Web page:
photo by Andrew Hodges
01 January 2012
Since the data of the UK Census 2011 was revealed last month, the public has been debating the increasing presence of British Muslim community. The data has revealed that the Muslim population in Britain has almost doubled in ten years so that Muslims make up 50 percent of the residents in some British towns. Since the last census in 2001, the Muslim population in England and Wales increased by 80 percent (1.2 million), from 1.5 million in 2001 to 2.7 million in 2011, making it the second-largest religion in Britain.
According to the Office for National Statistics (ONS) that conducted the census, the multiplying of Britain’s Muslim population has occurred for several reasons.
The ONS said one of the reasons for the massive growth in the number of Muslims in Britain is the rising number of Britons who are converting to Islam.
Many analysts believe that the true number of Muslims in Britain may be much higher than indicated by the census data. This is because the religion question was the only voluntary question on the 2011 Census and 7.2 percent of people did not answer the question.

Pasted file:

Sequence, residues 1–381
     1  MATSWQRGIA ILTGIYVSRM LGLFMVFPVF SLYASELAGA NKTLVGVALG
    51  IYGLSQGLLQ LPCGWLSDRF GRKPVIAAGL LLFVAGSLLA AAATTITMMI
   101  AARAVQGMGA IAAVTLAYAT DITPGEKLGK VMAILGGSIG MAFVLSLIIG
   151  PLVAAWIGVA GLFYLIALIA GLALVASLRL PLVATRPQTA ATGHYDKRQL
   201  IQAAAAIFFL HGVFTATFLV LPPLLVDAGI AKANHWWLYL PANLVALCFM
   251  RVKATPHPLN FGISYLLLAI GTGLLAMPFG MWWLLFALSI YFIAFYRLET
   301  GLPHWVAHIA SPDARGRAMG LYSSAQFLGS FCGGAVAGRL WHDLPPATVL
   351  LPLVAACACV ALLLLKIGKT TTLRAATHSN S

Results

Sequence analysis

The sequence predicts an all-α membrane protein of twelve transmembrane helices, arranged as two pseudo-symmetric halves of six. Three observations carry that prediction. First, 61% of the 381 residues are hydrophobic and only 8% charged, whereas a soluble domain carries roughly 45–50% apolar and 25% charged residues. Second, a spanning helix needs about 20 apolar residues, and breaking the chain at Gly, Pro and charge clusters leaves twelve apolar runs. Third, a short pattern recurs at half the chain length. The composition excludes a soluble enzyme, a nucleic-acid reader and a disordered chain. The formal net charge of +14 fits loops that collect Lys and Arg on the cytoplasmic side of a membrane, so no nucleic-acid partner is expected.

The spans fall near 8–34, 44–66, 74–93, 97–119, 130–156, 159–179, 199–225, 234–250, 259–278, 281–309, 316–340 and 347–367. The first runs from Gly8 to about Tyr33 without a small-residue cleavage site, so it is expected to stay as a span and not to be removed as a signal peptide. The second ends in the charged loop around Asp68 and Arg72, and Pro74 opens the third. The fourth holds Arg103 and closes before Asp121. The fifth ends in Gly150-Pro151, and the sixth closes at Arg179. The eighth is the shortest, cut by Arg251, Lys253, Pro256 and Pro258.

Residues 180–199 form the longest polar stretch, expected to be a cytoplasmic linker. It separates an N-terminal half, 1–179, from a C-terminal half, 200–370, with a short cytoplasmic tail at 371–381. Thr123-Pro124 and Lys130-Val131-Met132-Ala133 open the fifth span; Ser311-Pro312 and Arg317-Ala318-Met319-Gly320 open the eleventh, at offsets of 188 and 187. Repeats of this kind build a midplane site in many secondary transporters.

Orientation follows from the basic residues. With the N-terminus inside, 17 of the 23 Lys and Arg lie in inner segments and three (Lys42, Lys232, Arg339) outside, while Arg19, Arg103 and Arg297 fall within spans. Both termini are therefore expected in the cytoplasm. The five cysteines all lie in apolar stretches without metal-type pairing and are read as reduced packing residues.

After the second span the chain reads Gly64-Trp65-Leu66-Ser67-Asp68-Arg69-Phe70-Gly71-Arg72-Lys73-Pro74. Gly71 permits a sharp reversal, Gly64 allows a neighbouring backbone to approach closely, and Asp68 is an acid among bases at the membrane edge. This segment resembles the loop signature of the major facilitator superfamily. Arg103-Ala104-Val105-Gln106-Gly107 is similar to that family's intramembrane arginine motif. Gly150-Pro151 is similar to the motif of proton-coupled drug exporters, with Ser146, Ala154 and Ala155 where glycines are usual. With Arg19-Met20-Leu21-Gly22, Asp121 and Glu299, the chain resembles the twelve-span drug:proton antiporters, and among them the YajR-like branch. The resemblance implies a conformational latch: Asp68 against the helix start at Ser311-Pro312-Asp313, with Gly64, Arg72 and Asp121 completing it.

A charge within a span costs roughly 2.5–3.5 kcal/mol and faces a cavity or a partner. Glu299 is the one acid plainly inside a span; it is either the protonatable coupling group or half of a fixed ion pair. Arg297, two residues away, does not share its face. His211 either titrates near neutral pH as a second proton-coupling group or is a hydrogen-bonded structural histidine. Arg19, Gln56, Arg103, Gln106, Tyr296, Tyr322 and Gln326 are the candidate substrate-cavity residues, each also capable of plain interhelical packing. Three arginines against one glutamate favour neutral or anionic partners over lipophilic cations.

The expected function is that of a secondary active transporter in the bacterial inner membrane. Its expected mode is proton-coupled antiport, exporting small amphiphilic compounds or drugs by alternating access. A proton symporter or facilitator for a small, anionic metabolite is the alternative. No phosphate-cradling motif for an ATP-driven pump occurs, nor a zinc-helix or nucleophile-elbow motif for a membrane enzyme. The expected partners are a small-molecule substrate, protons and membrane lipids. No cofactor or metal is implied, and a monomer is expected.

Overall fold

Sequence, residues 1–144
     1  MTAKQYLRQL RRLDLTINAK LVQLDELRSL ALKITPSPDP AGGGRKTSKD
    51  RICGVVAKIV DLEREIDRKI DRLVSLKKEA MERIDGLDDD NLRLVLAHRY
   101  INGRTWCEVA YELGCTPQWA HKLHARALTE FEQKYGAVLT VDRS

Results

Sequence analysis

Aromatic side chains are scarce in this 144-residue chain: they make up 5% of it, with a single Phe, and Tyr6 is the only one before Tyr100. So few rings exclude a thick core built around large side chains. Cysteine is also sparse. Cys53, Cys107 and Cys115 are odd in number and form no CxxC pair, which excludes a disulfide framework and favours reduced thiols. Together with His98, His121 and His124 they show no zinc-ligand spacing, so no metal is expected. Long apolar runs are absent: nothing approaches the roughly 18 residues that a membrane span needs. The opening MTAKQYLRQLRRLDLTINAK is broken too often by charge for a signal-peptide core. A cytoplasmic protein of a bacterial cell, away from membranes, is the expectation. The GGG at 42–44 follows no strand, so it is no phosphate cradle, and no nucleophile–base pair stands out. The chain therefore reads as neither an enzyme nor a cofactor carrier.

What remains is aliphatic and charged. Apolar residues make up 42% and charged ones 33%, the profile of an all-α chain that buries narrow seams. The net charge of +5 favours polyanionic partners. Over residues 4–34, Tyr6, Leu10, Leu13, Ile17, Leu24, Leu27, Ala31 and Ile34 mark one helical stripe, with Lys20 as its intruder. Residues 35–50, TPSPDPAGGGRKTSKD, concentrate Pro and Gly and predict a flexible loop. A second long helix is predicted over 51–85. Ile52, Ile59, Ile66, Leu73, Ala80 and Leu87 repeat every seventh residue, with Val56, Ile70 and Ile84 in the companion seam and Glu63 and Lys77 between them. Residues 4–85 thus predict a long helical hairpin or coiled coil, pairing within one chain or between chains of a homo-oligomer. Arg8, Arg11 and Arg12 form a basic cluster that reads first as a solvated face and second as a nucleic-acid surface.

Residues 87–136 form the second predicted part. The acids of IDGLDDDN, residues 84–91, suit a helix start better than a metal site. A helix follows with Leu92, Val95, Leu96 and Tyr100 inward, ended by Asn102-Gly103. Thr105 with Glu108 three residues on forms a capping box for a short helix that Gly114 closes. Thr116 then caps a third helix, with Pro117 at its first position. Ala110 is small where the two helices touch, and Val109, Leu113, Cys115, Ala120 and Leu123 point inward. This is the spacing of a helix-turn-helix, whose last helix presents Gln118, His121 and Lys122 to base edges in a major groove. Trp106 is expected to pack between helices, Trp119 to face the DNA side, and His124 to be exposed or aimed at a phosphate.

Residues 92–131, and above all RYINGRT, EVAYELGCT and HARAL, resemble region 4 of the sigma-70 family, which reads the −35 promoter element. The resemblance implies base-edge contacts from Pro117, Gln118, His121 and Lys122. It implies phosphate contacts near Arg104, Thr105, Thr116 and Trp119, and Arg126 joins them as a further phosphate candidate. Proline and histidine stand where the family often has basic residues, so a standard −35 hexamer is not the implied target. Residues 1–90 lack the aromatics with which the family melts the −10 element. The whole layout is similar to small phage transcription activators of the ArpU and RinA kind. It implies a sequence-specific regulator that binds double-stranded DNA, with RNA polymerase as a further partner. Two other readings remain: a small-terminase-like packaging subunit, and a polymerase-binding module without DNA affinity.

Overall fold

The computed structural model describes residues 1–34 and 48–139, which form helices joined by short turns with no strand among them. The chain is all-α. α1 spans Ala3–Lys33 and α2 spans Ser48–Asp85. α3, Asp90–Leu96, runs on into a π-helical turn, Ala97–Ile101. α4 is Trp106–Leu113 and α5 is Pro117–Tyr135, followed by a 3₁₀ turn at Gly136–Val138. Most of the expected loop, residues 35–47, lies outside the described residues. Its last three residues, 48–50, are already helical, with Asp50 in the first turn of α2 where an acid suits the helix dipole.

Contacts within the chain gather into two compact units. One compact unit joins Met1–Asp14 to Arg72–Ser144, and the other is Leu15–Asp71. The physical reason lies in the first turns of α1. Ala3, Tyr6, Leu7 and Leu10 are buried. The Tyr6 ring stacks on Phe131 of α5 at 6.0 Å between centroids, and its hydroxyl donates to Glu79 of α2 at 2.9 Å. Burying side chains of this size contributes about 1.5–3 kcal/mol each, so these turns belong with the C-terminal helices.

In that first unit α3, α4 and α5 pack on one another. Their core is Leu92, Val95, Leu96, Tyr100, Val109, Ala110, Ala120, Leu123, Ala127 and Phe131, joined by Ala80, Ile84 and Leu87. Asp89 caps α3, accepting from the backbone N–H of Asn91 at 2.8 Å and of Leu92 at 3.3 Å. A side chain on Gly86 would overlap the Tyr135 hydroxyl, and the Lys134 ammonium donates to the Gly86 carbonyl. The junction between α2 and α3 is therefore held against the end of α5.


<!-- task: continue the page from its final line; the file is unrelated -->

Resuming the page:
The increasing proportion of Muslims has inevitably led to a significant presence of Muslims in the public. In this regard, a study published by UK think tank Henry Jackson Society points out the increasing representation of Muslims in the media. According to the study, which monitored statements of religious groups and media coverage of religion in the UK, the most prolific spokespeople over the last decade were the Muslim Council of Britain. This group made more interventions in the national discussion than any other faith group or leader, including even the leader of the Church of England, the Archbishop of Canterbury, who came a close second.